There are now opportunities the Republicans can present to the President: besides the obvious talking point of passing legislation for the Key stone pipeline (for which a strong majority of Americans are in favor), Sen. Rand Paul has some bills with Democratic Senators Harry Reid and Cory Booker to reform the criminal justice system for nonviolent drug offenders who receive felony charges. The current welfare state of mandatory spending programs such as Social Security, Medicare, and Medicaid have to adapt to decentralized times—here the right can offer solutions when the left can only prescribe more centralized control (Congressman Paul Ryan’s suggestions seem to be universally recognized now by the right as the way forward in these areas). Sen. Mike Lee’s tax proposals to make it more economically feasible to be married and have children, which is currently otherwise under our current tax code and the Affordable Care Act, is another great area to explore with legislation. Also there needs to be, at the very least, strong amendments to Obamacare—at least a dozen Republican alternatives have been proposed. Basically, the Republicans need to not be complacent and instead, put legislation in front of the President’s desk.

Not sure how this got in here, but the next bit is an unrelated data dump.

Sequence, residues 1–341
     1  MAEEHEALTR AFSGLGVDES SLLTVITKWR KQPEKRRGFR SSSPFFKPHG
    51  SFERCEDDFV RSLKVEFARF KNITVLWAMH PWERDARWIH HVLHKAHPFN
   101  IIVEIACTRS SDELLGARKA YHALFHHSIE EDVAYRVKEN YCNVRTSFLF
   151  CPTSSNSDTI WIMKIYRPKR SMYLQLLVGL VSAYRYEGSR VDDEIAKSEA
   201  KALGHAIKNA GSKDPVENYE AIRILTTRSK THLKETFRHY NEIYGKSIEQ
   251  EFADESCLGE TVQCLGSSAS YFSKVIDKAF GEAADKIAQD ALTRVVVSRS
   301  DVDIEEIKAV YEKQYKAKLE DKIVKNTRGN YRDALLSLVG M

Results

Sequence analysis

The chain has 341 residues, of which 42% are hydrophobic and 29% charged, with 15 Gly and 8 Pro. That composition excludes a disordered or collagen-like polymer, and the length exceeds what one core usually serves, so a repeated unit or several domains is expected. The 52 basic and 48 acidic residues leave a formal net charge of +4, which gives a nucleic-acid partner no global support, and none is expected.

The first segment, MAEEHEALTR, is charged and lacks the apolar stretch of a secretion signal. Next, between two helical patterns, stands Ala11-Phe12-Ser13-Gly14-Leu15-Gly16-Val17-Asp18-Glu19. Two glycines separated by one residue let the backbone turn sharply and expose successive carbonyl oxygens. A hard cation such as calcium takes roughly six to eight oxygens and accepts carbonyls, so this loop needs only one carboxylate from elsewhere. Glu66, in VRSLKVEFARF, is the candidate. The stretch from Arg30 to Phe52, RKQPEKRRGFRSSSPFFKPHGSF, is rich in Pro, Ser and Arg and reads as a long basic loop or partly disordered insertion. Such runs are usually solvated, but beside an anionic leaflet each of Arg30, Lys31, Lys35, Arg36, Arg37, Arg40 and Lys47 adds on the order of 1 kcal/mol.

If the Republicans can work together, they present a strong challenge to the Democrats. That would leave the Democrats in a position nicely summarized by Jonathon Chait in New York Magazine: “The Democrats Have Two Choices Now: Gridlock or Annihilation.” The Republicans right now have two choices: continue stagnating policies from thirty years ago or make conservatism live and well by applying principles of economic and civil liberty in today’s decentralized context. The elections show at the very least conservatism has a chance for the latter.